Words by Dan Abnett
Special mention for his opening episode of The Hunting Party. Like Mike McMahon on the VCs, Phillips was tapped to create a bunch of new characters, and generally set a certain tone for the mini-epic to follow (a tone that was roundly ignored by the succession of artists, but no matter. It’s a pretty weird epic that matches the Cursed Earth for complete random collection of settings and stories).
|Once again, Phillips proves his mastery of conveying a whole lot of atmosphere |
and character with very simple basic ingredients.
Context by John Wagner
|And we always welcome the tmie he can spare for covers, too!|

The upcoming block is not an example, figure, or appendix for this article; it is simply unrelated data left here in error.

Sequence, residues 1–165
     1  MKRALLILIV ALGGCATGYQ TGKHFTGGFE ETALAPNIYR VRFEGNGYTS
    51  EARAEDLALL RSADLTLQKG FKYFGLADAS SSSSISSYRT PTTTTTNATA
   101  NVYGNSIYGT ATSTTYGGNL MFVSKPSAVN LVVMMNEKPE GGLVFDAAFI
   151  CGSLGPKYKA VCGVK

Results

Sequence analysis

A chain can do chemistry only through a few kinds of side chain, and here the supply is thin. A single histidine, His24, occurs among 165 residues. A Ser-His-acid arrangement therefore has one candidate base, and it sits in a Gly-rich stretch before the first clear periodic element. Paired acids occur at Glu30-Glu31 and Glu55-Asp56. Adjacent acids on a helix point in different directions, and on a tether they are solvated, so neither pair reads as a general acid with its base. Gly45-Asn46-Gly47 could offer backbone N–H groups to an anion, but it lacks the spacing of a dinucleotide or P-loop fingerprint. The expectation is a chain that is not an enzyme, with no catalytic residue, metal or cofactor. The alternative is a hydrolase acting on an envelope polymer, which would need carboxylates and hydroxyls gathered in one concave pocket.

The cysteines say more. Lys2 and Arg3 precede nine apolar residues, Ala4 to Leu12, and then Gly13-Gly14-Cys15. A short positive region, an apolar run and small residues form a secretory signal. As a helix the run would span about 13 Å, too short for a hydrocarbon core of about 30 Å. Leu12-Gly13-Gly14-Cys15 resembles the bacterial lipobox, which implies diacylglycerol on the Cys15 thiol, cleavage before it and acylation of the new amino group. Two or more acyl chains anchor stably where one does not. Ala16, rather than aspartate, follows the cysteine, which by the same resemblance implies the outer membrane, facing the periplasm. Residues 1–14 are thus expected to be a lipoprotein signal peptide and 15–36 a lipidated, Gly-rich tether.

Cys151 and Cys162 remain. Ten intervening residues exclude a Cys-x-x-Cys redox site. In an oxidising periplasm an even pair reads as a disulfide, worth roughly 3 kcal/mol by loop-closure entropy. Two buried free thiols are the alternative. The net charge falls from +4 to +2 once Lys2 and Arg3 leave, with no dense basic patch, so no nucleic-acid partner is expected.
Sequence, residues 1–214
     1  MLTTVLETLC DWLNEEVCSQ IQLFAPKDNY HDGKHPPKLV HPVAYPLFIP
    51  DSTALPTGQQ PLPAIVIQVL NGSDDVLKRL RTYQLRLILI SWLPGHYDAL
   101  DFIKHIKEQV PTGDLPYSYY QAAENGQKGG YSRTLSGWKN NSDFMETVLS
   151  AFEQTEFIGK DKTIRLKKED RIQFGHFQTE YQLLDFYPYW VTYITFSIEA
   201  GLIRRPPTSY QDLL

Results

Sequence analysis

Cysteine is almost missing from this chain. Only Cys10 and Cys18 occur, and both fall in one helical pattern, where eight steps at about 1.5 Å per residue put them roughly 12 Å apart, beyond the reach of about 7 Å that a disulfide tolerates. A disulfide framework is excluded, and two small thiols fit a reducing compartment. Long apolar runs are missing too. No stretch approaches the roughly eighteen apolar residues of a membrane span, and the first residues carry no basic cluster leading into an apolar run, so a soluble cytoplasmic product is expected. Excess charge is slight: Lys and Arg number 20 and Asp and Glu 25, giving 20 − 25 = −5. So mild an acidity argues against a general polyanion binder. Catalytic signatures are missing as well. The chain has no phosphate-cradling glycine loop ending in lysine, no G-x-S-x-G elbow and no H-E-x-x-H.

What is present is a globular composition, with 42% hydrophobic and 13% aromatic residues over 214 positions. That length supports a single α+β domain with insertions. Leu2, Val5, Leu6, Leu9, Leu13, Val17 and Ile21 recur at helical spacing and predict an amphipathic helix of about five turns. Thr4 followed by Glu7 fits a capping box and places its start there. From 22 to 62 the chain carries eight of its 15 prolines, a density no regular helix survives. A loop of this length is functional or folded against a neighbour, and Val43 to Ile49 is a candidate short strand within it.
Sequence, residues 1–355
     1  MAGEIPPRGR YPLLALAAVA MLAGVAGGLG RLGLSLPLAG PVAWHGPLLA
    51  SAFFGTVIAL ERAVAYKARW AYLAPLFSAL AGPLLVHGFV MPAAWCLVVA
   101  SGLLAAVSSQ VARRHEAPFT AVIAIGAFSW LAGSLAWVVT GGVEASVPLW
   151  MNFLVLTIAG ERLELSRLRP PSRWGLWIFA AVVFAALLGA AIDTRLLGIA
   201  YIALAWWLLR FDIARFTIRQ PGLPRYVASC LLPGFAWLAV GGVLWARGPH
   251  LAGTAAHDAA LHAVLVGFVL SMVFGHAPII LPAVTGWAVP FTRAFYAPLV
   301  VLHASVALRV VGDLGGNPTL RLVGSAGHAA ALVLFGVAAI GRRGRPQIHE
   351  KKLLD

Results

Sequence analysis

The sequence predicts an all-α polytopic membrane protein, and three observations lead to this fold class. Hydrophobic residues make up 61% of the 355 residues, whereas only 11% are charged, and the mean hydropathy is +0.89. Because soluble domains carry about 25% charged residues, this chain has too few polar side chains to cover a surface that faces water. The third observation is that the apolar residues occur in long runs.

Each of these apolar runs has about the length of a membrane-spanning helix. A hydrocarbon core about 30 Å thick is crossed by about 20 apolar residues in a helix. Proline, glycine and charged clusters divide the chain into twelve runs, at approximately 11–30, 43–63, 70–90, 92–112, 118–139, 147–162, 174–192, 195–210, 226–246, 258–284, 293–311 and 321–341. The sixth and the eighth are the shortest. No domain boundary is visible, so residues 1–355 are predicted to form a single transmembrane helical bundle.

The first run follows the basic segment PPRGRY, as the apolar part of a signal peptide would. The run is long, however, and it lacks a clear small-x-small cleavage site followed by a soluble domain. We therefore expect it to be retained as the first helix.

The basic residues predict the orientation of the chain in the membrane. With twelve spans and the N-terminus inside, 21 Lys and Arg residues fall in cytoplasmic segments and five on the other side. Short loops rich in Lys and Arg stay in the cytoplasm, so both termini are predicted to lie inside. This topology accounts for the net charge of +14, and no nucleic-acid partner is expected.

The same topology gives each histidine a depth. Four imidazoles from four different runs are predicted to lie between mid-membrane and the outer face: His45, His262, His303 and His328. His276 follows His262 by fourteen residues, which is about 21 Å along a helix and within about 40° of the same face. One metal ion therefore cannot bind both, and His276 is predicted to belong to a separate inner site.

More on Sean Phillips:
A 10-year old, but still interesting interview on the Forbidden Planet blog
-but I’ll be honest, much of the recent stuff focuses on Phillips’s more recent work, not much about his time on 2000AD / The megazine, naturally enough.
|Words by Warren Ellis|
Judge Dredd: The Hunting Party
Devlin Waugh: Brief Encounter (sacrilege, I know, but I never quite got into ‘Swimming in Blood’ the way so many readers did)
Sinister Dexter: Sucker Punch
Vector 13: Marion; It’s good to talk
*One of the rare bits of controversy explored in Thrill Power Overload concerns the feathers ruffled when youngster Sean Phillips was given the kudos of designing the logo and cover for issue 1 of the Megazine, only to have it given to ‘old master’ Glenn Fabry at the last minute. I’m guessing his issue 2 cover would’ve been the original issue 1?